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Monday, February 25, 2013
<a href="http://www.guardian.co.uk/film/filmblog/2013/feb/25/oscar-prognosticators-academy-award-winners" rel="nofollow" target="_blank">Oscar prognosticators: how did they do at picking the Academy Award winners?</a>The Guardian (blog)While Oscar fans spent Monday checking their pools to see if they picked more winners than their friends, I was wondering whether statistic
</embed> MyWikiBiz February 25 in history:
- 1998: Kim Dae Jung was sworn in as president of South Korea; a veteran dissident, he was the first opposition-party candidate chosen to lead that country since its creation in 1948.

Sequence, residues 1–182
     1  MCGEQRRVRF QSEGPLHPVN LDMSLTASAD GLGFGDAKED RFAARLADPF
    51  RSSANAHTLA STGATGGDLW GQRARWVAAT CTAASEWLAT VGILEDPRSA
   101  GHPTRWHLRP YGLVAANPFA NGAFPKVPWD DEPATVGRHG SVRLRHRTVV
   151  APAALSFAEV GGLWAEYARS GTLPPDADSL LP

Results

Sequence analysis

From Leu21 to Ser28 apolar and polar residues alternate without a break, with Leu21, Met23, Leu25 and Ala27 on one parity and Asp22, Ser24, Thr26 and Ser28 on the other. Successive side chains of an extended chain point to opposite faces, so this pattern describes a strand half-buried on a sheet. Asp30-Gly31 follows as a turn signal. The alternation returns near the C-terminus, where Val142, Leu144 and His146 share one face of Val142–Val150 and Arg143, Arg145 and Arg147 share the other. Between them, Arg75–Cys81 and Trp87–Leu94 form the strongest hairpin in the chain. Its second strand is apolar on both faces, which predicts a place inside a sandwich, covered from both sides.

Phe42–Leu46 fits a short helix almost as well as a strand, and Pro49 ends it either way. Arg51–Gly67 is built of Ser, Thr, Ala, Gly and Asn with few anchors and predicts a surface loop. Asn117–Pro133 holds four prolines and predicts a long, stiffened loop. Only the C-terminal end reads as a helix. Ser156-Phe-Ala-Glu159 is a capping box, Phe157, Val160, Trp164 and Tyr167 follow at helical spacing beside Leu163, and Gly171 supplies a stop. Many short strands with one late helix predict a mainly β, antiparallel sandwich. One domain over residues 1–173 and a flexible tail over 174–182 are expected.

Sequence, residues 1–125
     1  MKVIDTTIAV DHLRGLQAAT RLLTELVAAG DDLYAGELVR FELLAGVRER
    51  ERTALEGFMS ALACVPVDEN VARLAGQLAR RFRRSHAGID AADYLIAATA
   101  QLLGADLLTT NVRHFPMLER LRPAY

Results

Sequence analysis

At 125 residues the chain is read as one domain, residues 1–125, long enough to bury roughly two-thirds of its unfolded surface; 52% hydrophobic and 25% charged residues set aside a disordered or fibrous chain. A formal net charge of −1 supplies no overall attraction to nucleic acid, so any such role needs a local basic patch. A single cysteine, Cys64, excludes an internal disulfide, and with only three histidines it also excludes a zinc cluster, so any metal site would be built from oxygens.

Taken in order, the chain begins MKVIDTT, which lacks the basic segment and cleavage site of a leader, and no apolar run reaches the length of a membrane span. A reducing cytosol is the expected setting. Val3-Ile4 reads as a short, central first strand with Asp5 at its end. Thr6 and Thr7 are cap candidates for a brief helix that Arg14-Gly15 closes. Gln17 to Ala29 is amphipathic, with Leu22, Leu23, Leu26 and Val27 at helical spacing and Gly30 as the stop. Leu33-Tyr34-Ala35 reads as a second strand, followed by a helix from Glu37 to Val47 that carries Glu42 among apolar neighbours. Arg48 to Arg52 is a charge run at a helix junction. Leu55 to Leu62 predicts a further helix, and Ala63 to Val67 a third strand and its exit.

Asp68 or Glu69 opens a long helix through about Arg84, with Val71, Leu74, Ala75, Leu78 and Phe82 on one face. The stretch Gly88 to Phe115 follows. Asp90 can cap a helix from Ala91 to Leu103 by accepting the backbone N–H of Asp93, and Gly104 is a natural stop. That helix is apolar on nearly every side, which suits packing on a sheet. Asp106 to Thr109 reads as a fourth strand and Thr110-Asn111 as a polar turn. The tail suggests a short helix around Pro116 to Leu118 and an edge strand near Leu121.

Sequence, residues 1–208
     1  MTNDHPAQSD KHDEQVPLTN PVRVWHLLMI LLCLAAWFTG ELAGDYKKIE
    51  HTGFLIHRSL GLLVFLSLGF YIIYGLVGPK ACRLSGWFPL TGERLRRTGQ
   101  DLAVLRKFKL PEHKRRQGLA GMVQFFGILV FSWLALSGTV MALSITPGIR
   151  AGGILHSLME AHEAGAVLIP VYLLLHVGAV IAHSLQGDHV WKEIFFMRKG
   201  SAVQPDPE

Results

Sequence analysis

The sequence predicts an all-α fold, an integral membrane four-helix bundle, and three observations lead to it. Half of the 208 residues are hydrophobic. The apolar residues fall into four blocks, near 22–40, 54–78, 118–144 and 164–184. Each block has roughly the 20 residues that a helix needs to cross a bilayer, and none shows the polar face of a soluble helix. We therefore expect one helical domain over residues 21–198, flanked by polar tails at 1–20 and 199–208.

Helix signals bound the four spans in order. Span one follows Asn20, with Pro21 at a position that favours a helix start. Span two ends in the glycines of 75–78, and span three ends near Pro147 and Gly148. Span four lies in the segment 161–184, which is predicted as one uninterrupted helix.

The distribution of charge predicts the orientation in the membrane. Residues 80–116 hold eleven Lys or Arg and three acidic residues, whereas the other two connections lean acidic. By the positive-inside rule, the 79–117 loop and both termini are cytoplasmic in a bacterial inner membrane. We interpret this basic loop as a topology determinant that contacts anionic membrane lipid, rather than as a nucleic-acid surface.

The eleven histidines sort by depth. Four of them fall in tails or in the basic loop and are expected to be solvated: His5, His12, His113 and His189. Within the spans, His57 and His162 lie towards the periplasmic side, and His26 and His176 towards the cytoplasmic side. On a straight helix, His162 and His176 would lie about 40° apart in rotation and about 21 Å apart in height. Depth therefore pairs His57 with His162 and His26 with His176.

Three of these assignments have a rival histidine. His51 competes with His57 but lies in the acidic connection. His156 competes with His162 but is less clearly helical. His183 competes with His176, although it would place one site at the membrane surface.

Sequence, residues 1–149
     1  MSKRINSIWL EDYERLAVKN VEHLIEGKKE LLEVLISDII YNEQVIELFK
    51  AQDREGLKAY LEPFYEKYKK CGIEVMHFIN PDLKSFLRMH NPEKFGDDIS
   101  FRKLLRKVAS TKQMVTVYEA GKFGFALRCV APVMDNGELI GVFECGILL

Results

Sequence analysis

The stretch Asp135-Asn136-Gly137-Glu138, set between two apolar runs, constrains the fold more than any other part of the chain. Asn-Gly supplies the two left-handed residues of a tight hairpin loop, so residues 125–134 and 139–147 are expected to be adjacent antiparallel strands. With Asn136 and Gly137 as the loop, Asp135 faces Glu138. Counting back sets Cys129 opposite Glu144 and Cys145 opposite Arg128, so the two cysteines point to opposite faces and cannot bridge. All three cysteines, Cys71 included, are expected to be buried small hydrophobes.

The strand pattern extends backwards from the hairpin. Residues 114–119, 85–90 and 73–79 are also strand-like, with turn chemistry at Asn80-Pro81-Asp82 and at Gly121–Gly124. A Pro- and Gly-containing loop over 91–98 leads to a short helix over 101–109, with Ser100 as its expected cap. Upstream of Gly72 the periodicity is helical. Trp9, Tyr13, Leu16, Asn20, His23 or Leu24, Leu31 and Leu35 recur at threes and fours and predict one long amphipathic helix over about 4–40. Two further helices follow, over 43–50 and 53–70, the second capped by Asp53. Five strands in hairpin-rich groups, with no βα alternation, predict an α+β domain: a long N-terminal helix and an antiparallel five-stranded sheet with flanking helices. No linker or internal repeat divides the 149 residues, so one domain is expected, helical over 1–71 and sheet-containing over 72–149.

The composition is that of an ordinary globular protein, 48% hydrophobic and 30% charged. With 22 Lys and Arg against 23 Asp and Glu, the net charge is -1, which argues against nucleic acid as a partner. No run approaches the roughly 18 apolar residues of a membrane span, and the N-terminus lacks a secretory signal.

- 1994: A Jewish extremist called Baruch Goldstein opened fire on a crowd of Muslim worshippers at a mosque in Hebron, Israel, killing 29—an incident known as the "Hebron massacre"; Goldstein was a member of the Kach party, founded by Rabbi Meir Kahane of the Jewish Defense League.
- 1990: An opposition coalition unexpectedly defeated the Sandinistas in Nicaragua's election; Violeta Barrios de Chamorro won 55% of the vote for president against Daniel Ortega's 41%.
- 1964: The young Muhammad Ali, then known as Cassius Clay, stunned the sports world by defeating world heavyweight boxing champion Sonny Liston.
- 1956: On the final day of the 20th Communist Party Congress, Soviet leader Nikita Khrushchev delivered a six-hour "secret speech" denouncing the "crimes of the Stalin era."
- 1870: Hiram Revels, the first African American to serve in the U.S. Senate, from Mississippi, was sworn in to office; Revels, who took the seat vacated by Jefferson Davis, served until 1871